DC’s preservation law is not incompatible with the needs of a dynamic city. Nor is it my opinion that it significantly excludes potential residents. But two things are needed:

  • Thoughtful members of the Historic Preservation Review Board; and
  • DC Council members who are willing to pass legislation that gives residents additional options than currently exist.

While one or two members of the Council today understand the value of preservation, we currently do not have a single Councilmember working on legislation that would help balance the values of preservation, development, and growth. This is especially true in Ward 1.

Ward 1 has some of the oldest and densest neighborhoods in DC. We frequently need to find consensus when competing values come into conflict. The present hands-off approach (e.g. Sun Trust Plaza debate) has hindered progress rather than lead to desired outcomes.

I am a strong advocate for the creation of Conservation Districts (aka Legacy Districts) – a choice where neighborhoods could embrace the general architectural character of their community without the detailed review for window replacements and smaller projects that some consider to be expensive and overly burdensome. I urged the Office of Planning and DC Council to introduce and pass legislation to do so in October 2014. While draft legislation existed, neither the Office of Planning or DC Council acted.

(Link to my 2014 resolution asking for conservation districts here:

Our process needs to focus on “How” to construct new buildings and expand existing housing in century-old neighborhoods, not a binary “yes” or “no”.

7. The District continues to face significant income inequality. What specifically do you think the District should do to close this gap? Relatedly, what you think the District should do to support those who are experiencing homelessness or at risk of homelessness?

Income inequality in the District is constantly cited as being the highest in the United States. Equally alarming, the District has one of the highest poverty rates in the nation. 26.7% of children in the District are living in poverty, and the percentage in Ward 1 is 21%. This all has a negative impact on education and the achievement gap, thus creating a cycle of poverty that is difficult, if not impossible, to break.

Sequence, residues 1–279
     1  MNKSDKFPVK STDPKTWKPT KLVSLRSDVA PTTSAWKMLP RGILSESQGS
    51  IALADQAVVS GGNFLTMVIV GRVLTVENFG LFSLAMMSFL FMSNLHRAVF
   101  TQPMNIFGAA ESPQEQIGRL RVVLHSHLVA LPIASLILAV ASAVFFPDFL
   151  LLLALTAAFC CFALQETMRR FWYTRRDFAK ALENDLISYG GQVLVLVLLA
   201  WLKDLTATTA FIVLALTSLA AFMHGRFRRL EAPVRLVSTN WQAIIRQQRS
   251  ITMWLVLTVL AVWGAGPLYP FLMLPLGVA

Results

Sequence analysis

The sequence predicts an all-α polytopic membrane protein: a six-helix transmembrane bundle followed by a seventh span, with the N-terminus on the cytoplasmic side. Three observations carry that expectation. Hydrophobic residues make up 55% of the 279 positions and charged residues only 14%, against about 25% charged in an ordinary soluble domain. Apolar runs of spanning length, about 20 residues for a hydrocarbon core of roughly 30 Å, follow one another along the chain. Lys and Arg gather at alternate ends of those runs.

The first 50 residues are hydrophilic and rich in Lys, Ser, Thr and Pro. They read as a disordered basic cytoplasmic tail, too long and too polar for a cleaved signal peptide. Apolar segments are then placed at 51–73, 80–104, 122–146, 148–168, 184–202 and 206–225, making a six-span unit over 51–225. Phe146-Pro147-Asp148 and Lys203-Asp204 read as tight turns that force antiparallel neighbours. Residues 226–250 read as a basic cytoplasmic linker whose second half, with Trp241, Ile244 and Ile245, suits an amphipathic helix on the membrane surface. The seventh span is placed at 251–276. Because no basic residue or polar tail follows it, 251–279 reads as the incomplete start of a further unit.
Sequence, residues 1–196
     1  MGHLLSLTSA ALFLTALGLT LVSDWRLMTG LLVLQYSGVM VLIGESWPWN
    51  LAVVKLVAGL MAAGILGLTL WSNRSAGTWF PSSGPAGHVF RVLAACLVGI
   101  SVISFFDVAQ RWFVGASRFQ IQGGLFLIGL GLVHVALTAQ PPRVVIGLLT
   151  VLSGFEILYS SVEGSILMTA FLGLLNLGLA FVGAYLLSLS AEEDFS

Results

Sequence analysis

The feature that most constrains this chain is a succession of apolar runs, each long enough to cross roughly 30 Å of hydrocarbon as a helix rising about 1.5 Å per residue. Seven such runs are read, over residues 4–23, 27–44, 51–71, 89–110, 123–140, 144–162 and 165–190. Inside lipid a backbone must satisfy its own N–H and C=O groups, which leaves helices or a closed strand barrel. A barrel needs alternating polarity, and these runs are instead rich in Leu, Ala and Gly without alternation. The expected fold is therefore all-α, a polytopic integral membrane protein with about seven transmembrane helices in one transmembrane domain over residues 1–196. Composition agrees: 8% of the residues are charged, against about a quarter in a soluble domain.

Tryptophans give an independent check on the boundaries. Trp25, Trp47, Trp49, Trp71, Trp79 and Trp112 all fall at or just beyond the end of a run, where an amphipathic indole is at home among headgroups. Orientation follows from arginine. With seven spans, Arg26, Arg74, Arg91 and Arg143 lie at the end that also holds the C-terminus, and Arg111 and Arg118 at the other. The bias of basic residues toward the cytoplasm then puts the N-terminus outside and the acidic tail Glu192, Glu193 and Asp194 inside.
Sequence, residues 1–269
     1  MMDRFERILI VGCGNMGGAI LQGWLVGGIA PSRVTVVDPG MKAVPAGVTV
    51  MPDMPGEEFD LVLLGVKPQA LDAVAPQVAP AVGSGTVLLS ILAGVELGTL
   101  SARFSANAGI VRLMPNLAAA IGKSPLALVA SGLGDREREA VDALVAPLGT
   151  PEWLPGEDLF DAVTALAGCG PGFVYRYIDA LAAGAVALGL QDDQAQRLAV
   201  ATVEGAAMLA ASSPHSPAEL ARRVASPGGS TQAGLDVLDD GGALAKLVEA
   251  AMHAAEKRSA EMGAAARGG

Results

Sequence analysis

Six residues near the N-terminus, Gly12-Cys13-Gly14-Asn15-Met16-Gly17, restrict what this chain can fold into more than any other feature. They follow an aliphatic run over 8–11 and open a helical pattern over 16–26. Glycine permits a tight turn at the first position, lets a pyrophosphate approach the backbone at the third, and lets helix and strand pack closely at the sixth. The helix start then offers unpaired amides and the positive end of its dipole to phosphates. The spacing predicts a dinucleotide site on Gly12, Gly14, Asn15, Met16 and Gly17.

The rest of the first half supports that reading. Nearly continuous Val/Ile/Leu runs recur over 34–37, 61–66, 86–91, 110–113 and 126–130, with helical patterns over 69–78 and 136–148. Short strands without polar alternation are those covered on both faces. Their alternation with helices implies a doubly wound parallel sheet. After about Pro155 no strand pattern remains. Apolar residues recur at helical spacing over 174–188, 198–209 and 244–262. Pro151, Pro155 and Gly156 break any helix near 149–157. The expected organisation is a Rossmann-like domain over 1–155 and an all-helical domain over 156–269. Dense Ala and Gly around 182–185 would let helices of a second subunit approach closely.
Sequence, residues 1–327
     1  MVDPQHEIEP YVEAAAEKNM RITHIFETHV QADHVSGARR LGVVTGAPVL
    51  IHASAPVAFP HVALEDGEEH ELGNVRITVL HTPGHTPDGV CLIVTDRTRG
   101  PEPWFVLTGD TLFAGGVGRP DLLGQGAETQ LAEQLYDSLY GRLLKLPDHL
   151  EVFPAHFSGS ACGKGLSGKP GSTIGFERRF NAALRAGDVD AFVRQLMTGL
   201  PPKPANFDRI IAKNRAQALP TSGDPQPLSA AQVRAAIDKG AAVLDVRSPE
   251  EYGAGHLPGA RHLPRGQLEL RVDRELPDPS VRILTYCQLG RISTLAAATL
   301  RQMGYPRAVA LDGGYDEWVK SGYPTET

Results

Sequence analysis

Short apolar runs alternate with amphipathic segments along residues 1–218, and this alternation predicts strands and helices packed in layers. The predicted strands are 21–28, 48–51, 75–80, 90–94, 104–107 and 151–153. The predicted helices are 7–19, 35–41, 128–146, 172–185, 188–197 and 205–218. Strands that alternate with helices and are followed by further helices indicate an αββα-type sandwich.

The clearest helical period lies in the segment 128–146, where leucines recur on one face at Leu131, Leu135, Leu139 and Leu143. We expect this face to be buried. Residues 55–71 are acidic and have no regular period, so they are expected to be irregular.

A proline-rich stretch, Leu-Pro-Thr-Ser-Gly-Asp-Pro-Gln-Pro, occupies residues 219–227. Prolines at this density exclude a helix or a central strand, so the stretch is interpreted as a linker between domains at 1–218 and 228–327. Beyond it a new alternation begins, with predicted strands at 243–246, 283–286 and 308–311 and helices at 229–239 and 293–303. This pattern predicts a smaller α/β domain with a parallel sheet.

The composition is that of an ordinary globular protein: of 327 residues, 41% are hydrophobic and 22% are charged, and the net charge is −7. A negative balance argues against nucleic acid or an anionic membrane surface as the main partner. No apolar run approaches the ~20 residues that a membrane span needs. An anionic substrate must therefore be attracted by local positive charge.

We need to do more to invest in affordable housing, including increasing Permanent Supportive Housing facilities for individuals and families experiencing homelessness. I support Advisory Neighborhood Commission 1B’s ability to work with the City at Ward 1’s Rita Bright Youth Center. The proposal is to build thirty-five units of short-term housing for homeless families and 15 units of permanent supportive senior housing where a surface parking lot currently exists.

We have many other opportunities throughout the District where this approach could be replicated.

  • We need a survey of District-owned property that is currently underbuilt and could support housing co-located on the site. Examples in Ward 1 include Engine Company No. 9 on U street and the 3rd District Police Station on V Street -- both are one to two story buildings in an area zoned for 50ft. tall mixed use structures. We need to leverage properties like these for the additional stories and opportunities they can provide.
  • SROs like La Casa that can be used to keep individuals from becoming homeless, and as a first step to permanent housing for those that were homeless.